Recent research from the Americas adds new questions to the debate. These investigations suggest that money independently appeared for different reasons and assumed different tangible forms in many parts of the world, starting thousands of years ago. [Continue reading…]

Islam in Eastern Europe

Jacob Mikanowski writes:

There has never been an Eastern Europe without Islam. Eastern Europe owes its existence to the intermingling of languages, of cultures, and, perhaps above all, of faiths. It is the meeting place of the Catholic West and the Orthodox East, of Ashkenazi and Sephardic Jewry, of militant Islam and crusading Christianity, of Byzantine mystics and Sufi saints.

Once, this plurality would have been obvious. A visitor to Vilnius in the 17th century would have heard six languages spoken in the streets; they could have heard prayers conducted in at least five more. The city had churches belonging to five denominations, as well as a synagogue and a mosque. Some examples of “Lithuanian” mosques still exist in Poland and Belarus. Wooden and square, they look just like parish churches, with the minor exception of the ornament at the top: a slim silver crescent instead of a cross.

If anything marks Eastern Europe as a place of its own, and not someone else’s periphery, it is this function as gateway and bridge between and among different traditions. And yet, again and again, the role of Islam in the making of this tapestry has been forgotten or disavowed. That is a grave mistake. Islam is the silver thread holding the whole together. Thirty years ago, the historian Larry Wolff argued that Eastern Europe was a product of the Enlightenment. When Western (principally French) intellectuals began to fashion their countries as realms of progress and rationality, they created the “East” as a flattering foil for their ambitions, filled as it was (in their eyes at least) with backwardness and superstition.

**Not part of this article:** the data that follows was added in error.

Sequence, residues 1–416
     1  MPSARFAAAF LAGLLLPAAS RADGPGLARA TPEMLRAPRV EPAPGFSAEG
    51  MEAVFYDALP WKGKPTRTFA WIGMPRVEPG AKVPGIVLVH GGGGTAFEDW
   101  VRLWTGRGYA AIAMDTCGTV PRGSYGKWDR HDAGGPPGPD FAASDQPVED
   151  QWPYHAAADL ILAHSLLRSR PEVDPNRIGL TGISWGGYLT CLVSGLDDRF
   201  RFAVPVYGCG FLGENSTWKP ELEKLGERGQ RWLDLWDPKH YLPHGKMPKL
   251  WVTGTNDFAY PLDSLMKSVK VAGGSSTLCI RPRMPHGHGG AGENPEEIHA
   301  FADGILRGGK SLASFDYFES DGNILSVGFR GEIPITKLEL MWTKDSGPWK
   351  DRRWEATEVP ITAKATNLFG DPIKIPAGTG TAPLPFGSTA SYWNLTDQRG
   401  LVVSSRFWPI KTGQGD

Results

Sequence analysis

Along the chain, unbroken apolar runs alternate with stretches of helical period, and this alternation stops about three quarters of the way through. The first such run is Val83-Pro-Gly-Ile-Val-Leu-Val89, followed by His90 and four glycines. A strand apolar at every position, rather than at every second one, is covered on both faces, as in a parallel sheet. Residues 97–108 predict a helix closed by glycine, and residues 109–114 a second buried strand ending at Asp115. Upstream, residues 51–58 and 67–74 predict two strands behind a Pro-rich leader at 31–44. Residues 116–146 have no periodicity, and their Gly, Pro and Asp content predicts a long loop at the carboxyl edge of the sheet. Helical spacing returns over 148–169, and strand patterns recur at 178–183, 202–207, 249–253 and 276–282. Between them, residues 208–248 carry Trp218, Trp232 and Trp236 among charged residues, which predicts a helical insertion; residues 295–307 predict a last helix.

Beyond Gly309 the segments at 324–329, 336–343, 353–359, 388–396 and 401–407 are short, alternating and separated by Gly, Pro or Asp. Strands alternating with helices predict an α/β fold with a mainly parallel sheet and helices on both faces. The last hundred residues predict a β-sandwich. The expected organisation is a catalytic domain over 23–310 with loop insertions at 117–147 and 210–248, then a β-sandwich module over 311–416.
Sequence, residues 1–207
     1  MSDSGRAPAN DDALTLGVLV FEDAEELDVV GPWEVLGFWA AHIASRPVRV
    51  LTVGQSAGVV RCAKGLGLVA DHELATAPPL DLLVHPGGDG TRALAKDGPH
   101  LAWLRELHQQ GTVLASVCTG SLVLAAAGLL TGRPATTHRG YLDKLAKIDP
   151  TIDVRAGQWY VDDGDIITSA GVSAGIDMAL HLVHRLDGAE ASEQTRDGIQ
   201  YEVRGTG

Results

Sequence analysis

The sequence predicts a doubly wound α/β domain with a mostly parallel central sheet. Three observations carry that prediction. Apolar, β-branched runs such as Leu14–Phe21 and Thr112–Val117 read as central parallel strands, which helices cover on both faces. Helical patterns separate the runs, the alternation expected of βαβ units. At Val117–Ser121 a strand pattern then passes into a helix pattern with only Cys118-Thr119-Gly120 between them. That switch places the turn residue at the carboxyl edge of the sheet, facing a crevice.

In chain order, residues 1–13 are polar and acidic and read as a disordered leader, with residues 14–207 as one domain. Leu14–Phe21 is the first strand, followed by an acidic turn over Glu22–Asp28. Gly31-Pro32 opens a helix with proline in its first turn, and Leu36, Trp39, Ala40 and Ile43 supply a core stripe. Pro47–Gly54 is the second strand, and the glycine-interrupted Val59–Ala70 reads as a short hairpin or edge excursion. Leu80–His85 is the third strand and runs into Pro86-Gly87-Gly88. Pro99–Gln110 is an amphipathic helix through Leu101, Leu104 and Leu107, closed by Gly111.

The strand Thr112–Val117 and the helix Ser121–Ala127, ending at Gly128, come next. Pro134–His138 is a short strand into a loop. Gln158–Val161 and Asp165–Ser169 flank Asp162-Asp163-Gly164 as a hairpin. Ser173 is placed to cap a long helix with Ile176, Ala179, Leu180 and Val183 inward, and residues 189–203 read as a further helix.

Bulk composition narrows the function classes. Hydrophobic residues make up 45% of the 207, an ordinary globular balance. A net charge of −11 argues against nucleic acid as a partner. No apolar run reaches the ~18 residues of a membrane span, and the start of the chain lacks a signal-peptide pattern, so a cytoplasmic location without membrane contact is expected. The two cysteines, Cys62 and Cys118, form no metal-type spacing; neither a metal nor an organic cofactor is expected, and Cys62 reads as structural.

It seems to me that Wolff is only partially right. I think a notion of a separate Eastern Europe predates the Enlightenment by a few hundred years. I think, moreover, that its genesis is intimately tied to the introduction of Islam to the Balkans and southern steppes and, with it, the creation of a shatter-zone between empires stretching from the Adriatic to the Black Sea. This shatter-zone consisted of a sharp border and a soft frontier. Armies and lone warriors fought along the border. People, stories, and miracles crossed the frontiers. So many of the legends that came to define the nations of the region stem from this space of contact. And everywhere you look, relationships that appear at first to be based on enmity turn out instead to be characterized by mutual influence, mimicry, friendship, and even love. [Continue reading…]

Anti-war protests 50 years ago helped mold the modern Christian right

File 20180501 135806 bej79x.jpg?ixlib=rb 1.1
William Sloane Coffin Jr., followed by his sister, arrives at federal building in Boston on May 20, 1968.
AP Photo

By David Mislin, Temple University

In May of 1968, a high-profile trial began in Boston that dramatically illustrated a larger phenomenon fueling the rise of conservative Christianity in the United States.